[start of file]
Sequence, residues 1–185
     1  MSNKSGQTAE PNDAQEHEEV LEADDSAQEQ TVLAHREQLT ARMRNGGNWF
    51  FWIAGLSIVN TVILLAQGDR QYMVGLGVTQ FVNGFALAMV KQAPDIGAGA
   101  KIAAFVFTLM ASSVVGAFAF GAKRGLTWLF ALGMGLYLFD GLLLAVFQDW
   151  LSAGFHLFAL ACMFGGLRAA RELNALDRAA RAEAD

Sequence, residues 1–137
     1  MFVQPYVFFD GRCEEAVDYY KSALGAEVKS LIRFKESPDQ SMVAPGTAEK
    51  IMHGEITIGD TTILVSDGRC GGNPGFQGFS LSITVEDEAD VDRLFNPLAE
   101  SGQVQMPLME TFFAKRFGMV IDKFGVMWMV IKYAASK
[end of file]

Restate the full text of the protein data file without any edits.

Sequence, residues 1–185
     1  MSNKSGQTAE PNDAQEHEEV LEADDSAQEQ TVLAHREQLT ARMRNGGNWF
    51  FWIAGLSIVN TVILLAQGDR QYMVGLGVTQ FVNGFALAMV KQAPDIGAGA
   101  KIAAFVFTLM ASSVVGAFAF GAKRGLTWLF ALGMGLYLFD GLLLAVFQDW
   151  LSAGFHLFAL ACMFGGLRAA RELNALDRAA RAEAD

Sequence, residues 1–137
     1  MFVQPYVFFD GRCEEAVDYY KSALGAEVKS LIRFKESPDQ SMVAPGTAEK
    51  IMHGEITIGD TTILVSDGRC GGNPGFQGFS LSITVEDEAD VDRLFNPLAE
   101  SGQVQMPLME TFFAKRFGMV IDKFGVMWMV IKYAASK